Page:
There comes a point in a manager’s career where he looks to make a team that can carry on his legacy or at least leave behind a team that any manager would gladly inherit. While Sir Alex Ferguson did it at Manchester United a couple of seasons ago at the age of 70, Arsene Wenger became the longest serving manager in the Premier League. The Frenchman who is 65 now, was under immense pressure to deliver a trophy last season and to his credit Wenger delivered the FA Cup. Then what is the problem at the Emirates? Why do ardent Gunners fans still persist on looking forward to replacing Wenger as soon as they can? After all, he did write their names in English Football folklore masterminding ‘The Invincibles’ barely a decade ago.
Confidence of the Board
The Board at Arsenal Football Club clearly trusts Wenger and have left it to him when he decides to call it quits. Why is that? A manager who delivers a guaranteed top-4 finish while building squads around the young talent the clubs Academy possesses rarely ever diving into the market to spend big and above all is controversy-free; Wenger is every Board’s dream manager and its understandable that there would be hesitancy to part ways with a figure who has epitomised the Football Club in the past decade and half. He performs the roles of a Sporting Director and handles most signings hands on; something very rare in today’s rapidly European setup at Football Clubs.
After having lost his crown jewels season after season to the big spenders, Wenger finally began splurging only a couple of seasons ago. The purchases of Olivier Giroud, Mesut Ozil, Alexis Sanchez and Danny Welbeck have not only made the fans happy that Wenger is buying big names but that he is ready to go toe-to-toe for players in the market with the big-spenders. However, the ‘Wenger Out’ campaigns continue to exist in North London.
The Blueprint gone Wrong
Having successfully gone an entire season unbeaten, it would seem to every neutral that Wenger has got the blueprint to dominate the league for years to come but it wasn’t so. Somewhere down the line in the seasons that followed the former AS Monaco boss strayed from his very own hugely effective and successful philosophy to aspire to play pretty football, so to speak. Replicate the Barcelona ‘Tiki-Taka’ style in England. While the new system worked wonders for the technically-gifted attacking players at Arsenal eg. Cesc Fabregas, Samir Nasri, Tomas Rosicky, Theo Walcott etc it left them vulnerable to counter-attacks and simply getting outmuscled in the middle of the park.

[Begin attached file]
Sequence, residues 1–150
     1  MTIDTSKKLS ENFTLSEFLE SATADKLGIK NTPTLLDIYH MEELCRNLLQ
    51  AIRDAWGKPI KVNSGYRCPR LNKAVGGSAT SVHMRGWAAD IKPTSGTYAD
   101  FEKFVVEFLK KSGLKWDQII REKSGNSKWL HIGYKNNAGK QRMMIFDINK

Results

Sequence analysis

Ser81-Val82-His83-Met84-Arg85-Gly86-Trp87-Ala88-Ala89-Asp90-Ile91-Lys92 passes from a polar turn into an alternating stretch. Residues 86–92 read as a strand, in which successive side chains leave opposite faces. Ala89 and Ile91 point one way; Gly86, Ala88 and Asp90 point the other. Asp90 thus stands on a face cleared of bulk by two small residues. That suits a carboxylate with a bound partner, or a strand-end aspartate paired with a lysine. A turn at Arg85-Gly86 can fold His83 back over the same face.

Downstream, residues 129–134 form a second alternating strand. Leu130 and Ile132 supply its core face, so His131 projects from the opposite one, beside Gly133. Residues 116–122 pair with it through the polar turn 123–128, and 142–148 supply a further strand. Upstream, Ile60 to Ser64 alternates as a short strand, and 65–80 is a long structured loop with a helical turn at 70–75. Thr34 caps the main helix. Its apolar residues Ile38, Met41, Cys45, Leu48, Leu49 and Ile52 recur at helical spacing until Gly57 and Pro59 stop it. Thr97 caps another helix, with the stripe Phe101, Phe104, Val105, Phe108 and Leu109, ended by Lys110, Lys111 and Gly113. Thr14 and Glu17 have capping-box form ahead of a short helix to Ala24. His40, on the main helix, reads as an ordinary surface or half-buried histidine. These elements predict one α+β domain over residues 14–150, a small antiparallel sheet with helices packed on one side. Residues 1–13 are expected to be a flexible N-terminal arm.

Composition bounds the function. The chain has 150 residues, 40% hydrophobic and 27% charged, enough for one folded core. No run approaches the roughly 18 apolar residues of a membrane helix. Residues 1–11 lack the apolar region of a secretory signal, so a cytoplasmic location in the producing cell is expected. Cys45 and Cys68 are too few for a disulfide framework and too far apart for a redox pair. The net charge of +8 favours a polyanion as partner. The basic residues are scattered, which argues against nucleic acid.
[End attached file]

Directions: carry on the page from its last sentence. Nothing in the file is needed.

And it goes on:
Back in the Invincibles season, physically outplaying the likes of Patrick Veira and Emmanuel Petite was unheard of; a stark comparison to the Gunners defensive midfielders of the current season which include Mikel Arteta and Mathieu Flamini. With the French-duo marshalling the midfield forming a physically imposing base in midfield the Gunners let loose in attack with Pires, Ljungberg, Hleb, and Henry ripping teams to shreds. While Wenger has got the attacking ammunition in the last couple of seasons with the signings of Ozil and Sanchez it’s the bare-back of the midfield that simply fails to help the defence out that has been the cause of their downfall eg. Stoke away and Liverpool away (last season). The need of a defensive midfielder similar to the likes of Nemanja Matic and Fernando is a must for Wenger if he has to turn this season around.
So, What next for the gradually impatient Gooners?
Its understandable that the Arsenal faithful are clamouring for a new manager sooner rather than later as for everything Wenger has done for the North London club, he is not the future of the football club. Not only are the results worrying and Wenger’s stubbornness testing the fans patience, the league has seen Gerrard Houlier struggle to keep up with the demands of managing a Premier League club in Aston Villa during the end of his managerial career not too long ago. While names like Jurgen Klopp, Roberto Martinez and even Diego Simeone have been whispered with a lot of optimism around the Emirates, its only when Wenger decides its time will the Arsenal Board accept the resignation of their greatest ever manager.